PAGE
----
Today's Chinese Aerospace News, and Its Bigger Meaning

As a reminder: my contention is that China's ambitions, progress, and frustrations in this field are proxies for its potential more generally. Thus I notice:

1) Ambitions, from Business Insider.

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2) Scale: To the same effect, from AFP:
AFPJet.jpg


3) But wait, not so fast (from Reuters):

TRJet.jpg



Similarly (same story, different paper):
ChinaAIrliner.jpg


4) And, even more fundamentally:
ChinaClimate.jpg

My Q&A with the WSJ giving The Big Picture -- and also a (to me) very interesting analysis at the Lone Operator site of the creativity, and self-limitations, of China's current aerospace ambitions as a guide to the country's potential overall.

And while I'm at it, a sadder-and-wiser tale at Bloomberg Business Week about an ambitious young American trying to seize some of the opportunities that seem so "easily" available in China. This fits into a grand tradition, stretching back to Mr. China, and To Change China, and Matteo Ricci, and beyond.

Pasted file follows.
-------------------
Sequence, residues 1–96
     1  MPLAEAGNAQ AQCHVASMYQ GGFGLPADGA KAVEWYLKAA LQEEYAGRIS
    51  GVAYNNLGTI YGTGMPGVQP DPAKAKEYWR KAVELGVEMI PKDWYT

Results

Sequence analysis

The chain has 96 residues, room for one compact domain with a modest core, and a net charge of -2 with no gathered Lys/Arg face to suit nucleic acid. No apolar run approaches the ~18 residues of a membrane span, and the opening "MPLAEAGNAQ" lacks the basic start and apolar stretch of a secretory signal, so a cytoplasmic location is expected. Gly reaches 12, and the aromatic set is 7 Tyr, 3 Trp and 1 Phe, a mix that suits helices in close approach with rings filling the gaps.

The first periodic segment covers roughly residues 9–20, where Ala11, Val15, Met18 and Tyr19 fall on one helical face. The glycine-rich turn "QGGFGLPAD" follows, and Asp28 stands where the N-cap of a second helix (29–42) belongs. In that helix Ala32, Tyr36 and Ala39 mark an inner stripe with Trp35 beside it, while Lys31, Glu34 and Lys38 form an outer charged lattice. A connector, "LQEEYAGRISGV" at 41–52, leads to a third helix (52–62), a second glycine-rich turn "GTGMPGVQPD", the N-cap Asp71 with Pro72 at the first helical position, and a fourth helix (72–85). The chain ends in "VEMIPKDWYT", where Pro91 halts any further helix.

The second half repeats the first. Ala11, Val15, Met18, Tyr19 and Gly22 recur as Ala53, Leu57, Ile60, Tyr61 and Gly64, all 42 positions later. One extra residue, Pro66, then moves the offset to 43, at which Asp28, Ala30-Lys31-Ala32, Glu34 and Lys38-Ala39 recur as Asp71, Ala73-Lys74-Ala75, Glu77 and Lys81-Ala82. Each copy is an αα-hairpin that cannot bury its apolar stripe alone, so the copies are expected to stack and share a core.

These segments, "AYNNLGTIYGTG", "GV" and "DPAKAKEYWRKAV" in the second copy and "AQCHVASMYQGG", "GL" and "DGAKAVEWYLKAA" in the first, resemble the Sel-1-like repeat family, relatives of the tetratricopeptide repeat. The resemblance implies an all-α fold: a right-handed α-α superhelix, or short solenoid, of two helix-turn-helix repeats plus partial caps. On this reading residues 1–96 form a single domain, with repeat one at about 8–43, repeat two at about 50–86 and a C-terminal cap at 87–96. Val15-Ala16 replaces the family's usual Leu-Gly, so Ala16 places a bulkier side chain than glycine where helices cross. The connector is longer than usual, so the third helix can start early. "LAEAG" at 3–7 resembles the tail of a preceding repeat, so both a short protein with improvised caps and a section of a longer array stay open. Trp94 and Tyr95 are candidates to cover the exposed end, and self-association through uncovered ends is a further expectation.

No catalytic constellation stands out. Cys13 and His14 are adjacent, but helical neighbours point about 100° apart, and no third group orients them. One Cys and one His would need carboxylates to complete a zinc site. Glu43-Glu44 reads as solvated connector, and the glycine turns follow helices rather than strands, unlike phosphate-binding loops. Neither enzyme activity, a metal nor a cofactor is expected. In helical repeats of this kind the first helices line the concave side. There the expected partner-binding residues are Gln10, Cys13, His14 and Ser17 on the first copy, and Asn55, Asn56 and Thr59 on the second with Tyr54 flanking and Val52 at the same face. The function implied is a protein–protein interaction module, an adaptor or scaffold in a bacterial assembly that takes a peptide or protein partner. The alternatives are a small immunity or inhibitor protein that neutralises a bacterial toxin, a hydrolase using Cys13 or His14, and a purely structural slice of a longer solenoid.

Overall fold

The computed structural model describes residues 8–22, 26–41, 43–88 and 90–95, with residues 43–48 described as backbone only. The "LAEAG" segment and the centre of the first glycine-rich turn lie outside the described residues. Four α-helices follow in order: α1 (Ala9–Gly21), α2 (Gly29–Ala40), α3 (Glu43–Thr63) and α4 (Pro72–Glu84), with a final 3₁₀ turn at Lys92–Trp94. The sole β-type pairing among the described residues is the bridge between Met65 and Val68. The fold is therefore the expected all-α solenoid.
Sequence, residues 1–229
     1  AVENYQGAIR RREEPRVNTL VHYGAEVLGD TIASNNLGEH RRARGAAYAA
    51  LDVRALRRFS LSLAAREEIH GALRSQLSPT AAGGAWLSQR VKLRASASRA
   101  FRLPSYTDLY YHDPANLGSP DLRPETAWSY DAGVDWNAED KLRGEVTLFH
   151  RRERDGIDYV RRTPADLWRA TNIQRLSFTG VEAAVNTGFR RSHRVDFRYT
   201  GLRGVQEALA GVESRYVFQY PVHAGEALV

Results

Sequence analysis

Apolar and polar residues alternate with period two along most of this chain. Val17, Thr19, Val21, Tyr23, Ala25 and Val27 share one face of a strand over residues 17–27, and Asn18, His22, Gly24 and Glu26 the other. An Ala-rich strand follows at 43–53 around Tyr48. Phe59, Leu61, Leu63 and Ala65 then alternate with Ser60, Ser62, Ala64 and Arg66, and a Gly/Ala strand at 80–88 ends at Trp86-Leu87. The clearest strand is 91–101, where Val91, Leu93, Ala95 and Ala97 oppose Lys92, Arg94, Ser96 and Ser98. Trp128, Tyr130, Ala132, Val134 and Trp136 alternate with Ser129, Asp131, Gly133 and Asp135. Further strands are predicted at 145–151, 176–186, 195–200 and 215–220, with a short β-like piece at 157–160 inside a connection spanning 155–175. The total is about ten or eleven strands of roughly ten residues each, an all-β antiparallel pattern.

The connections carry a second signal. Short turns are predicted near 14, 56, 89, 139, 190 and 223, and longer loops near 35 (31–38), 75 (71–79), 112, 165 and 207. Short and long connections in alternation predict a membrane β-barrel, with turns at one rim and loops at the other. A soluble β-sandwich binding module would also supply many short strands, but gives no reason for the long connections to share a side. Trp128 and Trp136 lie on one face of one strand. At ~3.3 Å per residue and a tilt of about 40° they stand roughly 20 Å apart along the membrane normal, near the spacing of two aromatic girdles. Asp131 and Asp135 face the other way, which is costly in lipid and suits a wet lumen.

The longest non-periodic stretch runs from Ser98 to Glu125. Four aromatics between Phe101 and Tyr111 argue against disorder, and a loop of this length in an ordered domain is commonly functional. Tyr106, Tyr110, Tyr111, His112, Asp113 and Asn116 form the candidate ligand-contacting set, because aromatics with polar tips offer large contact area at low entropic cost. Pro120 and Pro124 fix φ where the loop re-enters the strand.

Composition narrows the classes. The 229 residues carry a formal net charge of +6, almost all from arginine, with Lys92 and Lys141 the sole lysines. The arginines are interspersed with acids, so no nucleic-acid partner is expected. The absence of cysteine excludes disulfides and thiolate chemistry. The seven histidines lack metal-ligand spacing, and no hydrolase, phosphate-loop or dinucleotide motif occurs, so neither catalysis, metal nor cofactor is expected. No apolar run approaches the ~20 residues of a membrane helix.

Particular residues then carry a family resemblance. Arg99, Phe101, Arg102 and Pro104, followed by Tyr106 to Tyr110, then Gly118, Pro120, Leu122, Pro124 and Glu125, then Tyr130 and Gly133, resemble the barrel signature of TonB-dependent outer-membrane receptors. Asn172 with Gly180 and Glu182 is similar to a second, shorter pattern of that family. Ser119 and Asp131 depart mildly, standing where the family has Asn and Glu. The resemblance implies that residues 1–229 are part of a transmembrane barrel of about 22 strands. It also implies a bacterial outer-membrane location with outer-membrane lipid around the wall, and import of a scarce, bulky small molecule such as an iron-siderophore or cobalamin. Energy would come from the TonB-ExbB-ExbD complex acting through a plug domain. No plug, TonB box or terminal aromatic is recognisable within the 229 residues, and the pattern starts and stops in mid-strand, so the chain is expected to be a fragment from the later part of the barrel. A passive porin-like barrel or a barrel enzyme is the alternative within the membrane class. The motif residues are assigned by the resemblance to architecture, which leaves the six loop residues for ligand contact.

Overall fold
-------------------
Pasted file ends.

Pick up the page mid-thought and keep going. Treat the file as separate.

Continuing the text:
James Fallows is a national correspondent for The Atlantic and has written for the magazine since the late 1970s. He has reported extensively from outside the United States and once worked as President Carter's chief speechwriter. His latest book is China Airborne. More

James Fallows is based in Washington as a national correspondent for The Atlantic. He has worked for the magazine for nearly 30 years and in that time has also lived in Seattle, Berkeley, Austin, Tokyo, Kuala Lumpur, Shanghai, and Beijing. He was raised in Redlands, California, received his undergraduate degree in American history and literature from Harvard, and received a graduate degree in economics from Oxford as a Rhodes scholar. In addition to working for The Atlantic, he has spent two years as chief White House speechwriter for Jimmy Carter, two years as the editor of US News & World Report, and six months as a program designer at Microsoft. He is an instrument-rated private pilot. He is also now the chair in U.S. media at the U.S. Studies Centre at the University of Sydney, in Australia.

Fallows has been a finalist for the National Magazine Award five times and has won once; he has also won the American Book Award for nonfiction and a N.Y. Emmy award for the documentary series Doing Business in China. He was the founding chairman of the New America Foundation. His recent books Blind Into Baghdad (2006) and Postcards From Tomorrow Square (2009) are based on his writings for The Atlantic. His latest book is China Airborne. He is married to Deborah Fallows, author of the recent book Dreaming in Chinese. They have two married sons.

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